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Publication numberUS3896891 A
Publication typeGrant
Publication dateJul 29, 1975
Filing dateAug 31, 1973
Priority dateAug 31, 1973
Publication numberUS 3896891 A, US 3896891A, US-A-3896891, US3896891 A, US3896891A
InventorsEdward W Miltenburg, Donald L Whetstine, Howard Carson
Original AssigneeStainless Medical Products Inc
Export CitationBiBTeX, EndNote, RefMan
External Links: USPTO, USPTO Assignment, Espacenet
Modular motorized wheel chair
US 3896891 A
Abstract
The specification discloses a motorized wheelchair which can be quickly and easily disassembled into separate lightweight components. The separate components can be conveniently stacked to minimize space requirements when transporting the chair from one location to another.
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Description  (OCR text may contain errors)

[ July 29, 1975 United States Patent [1 1 Miltenburg et al.

[56] References Cited UNITED STATES PATENTS 1 1 MODULAR MOTORIZED WHEEL CHAIR [75] Inventors: Edward W. Miltenburg, Newport 297/D1G. 4 297/440 X 180/65 297/D1G. 4 X

2,798,565 7/1957 Rosenthal et al. 3,321,239 5/1967 Cosper............................ 3,613,813 10/1971 Biddle.............. 3,749,192 7/1973 Karchak et al.

Primary ExaminerM. Henson Wood, .Ir. Assistant Examiner-Gene A. Church [22] Filed:

ABSTRACT Us. CLWW180/6.5;297/DIG.4; go/D163; The specification discloses a motorized wheelchair which can be quickly and easily disassembled into sepee 0 Pam w o m ceo r. i m m w 0 t6 6 h hw T & .m o "S0 e P .W s O n P a m u o C nf. LE h .w m eeS wbm t O hn .w m n m mm tu mm anwb mWO 3 mmO 0 m" m Tm ram 8 WSW LM9 C Ld hm N 55 3 Claims, 2 Drawing Figures MODULAR MOTORIZED WHEEL CHAIR BACKGROUND OF THE INVENTION A disabled individual who has temporarily or permanently lost the use of his legs must usually depend upon a mechanical substitute, such as a wheelchair, to move himself about. Most prior art wheelchairs are manually operated; and require considerable exertion to negotiate minor hills or travel distances Moreover. in a situation where the individual has both a leg and arm impairment, the manually operated wheelchair can be quite difficult to propel. As a consequence, a number of motor powered wheelchairs hav been marketed. These vehicles normally utilize two separate driving motors. One of the drive motors is connected to the left rear wheel by a pulley and the other is connected to the right rear wheel in the same manner. Steering is effected by an electronic system under control of the operator. The system applies power simultaneously to both wheels to move the chair forward, backward, or to rotate the chair in a circle. Power can also be applied to one wheel alone to turn the vehicle left or right.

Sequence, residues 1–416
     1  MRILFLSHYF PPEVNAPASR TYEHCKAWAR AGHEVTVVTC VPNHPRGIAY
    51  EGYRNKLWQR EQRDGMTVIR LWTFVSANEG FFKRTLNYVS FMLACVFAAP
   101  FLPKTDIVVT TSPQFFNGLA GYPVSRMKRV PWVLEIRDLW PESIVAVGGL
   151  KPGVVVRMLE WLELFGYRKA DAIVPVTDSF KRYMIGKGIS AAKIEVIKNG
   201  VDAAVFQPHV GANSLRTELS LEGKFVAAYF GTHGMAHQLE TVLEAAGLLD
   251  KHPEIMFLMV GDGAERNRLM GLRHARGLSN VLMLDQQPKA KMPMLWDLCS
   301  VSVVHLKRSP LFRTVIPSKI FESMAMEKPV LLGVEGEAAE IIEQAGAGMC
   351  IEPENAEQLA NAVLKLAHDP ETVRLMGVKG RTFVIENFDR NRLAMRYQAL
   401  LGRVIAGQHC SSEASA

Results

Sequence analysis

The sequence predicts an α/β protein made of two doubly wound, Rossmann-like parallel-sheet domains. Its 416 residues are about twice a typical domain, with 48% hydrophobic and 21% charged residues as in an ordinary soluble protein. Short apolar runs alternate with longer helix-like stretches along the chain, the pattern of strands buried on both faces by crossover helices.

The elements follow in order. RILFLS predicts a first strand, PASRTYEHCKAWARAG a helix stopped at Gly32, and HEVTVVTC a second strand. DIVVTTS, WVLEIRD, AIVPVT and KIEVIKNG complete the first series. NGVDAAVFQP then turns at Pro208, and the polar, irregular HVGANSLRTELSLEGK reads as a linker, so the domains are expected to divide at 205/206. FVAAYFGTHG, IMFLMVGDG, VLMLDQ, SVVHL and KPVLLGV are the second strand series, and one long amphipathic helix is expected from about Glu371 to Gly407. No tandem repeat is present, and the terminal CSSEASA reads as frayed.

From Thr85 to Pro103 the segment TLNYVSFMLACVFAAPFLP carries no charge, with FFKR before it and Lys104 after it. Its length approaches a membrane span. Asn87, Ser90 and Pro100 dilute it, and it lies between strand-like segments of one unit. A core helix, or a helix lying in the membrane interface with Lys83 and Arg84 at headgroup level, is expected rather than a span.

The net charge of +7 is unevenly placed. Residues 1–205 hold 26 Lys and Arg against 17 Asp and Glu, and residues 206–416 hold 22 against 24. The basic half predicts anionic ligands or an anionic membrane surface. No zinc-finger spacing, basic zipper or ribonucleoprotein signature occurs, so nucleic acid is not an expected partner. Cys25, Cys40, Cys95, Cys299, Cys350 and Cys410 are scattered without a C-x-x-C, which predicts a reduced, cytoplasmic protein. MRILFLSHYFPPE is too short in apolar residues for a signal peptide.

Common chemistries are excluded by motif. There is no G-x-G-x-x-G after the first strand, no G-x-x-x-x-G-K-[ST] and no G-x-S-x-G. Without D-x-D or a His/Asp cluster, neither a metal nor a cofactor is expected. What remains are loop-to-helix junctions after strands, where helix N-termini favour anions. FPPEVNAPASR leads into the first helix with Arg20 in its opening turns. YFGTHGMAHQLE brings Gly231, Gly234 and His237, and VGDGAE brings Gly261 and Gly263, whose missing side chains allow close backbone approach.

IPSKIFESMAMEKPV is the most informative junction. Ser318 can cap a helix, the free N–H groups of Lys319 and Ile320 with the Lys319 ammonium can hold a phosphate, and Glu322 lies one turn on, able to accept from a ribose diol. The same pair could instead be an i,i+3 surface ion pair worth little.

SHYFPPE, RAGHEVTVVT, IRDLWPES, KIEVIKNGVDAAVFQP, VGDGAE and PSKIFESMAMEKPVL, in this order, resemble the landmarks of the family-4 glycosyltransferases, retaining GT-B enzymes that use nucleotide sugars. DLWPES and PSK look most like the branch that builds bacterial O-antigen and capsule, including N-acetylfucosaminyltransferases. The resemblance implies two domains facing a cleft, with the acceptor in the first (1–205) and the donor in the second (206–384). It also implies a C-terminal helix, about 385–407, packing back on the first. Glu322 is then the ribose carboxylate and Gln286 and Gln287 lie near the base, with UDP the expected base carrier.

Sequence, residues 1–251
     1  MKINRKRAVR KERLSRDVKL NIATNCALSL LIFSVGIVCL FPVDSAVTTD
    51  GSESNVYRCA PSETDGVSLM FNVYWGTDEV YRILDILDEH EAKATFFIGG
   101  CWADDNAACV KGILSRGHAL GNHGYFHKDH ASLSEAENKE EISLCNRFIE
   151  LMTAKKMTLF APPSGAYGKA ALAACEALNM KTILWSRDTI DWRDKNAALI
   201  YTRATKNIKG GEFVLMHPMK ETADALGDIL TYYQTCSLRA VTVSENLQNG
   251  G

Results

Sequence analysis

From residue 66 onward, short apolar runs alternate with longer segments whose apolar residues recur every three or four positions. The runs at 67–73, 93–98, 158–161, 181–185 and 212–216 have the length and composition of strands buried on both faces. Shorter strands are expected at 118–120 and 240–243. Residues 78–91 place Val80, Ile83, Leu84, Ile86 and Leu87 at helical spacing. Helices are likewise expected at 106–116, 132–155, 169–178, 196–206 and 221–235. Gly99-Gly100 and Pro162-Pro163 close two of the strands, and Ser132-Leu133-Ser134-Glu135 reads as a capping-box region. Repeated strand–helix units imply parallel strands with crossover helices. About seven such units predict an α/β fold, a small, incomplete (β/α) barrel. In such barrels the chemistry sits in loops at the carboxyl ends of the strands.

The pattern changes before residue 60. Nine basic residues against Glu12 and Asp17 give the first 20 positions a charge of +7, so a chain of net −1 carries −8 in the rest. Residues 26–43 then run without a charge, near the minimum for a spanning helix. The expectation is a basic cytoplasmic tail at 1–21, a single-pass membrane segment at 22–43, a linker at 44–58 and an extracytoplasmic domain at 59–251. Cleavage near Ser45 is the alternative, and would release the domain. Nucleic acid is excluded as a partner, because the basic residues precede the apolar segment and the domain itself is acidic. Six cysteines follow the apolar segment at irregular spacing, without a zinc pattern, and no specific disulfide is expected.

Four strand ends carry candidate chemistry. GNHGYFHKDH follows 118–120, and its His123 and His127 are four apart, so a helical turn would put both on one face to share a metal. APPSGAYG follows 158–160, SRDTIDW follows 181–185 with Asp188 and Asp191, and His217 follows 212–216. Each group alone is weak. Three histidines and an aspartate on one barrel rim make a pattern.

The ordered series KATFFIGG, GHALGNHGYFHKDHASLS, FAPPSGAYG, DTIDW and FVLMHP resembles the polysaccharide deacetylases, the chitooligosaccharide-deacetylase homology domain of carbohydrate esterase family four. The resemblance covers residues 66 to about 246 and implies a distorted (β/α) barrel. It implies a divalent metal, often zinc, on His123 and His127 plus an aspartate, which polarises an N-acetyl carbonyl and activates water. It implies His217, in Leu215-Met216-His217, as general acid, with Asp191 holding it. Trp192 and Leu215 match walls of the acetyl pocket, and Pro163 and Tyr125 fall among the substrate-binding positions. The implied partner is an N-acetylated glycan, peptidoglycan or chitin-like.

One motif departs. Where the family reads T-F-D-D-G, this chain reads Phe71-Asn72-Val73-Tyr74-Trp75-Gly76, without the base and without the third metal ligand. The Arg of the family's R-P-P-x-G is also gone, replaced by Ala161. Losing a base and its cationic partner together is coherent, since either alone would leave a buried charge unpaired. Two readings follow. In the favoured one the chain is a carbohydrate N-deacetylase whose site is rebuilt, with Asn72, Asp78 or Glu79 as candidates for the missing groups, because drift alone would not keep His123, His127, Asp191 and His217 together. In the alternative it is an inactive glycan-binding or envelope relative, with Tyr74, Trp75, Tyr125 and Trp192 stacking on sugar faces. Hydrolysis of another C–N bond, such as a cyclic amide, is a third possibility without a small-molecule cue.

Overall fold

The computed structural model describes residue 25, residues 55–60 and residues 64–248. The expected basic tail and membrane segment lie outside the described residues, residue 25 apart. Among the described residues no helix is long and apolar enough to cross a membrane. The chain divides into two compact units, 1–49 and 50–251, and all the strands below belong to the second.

While the conventional motorized wheelchair obviates the aforementioned problems of the manually powered device, it has several shortcomings. Paramount among these is the additional weight. Such wheelchairs are typically designed to fold up so that they can be transported in the trunk of an automobile or the back of a station wagon. But the additional weight imposed by the battery, motors and structural members make it difficult for most persons to lift or move them about. Consider for example, a typical situation involving a middle-aged wife having an invalid husband. Whenever they travel by auto, they must always seek the aid of a third person to lift the folded motorized chair IN and OUT of the auto. What is actually desired is'a motorized wheelchair which'can be easily disassembled into lightweight components for transportation and then easily reassembled.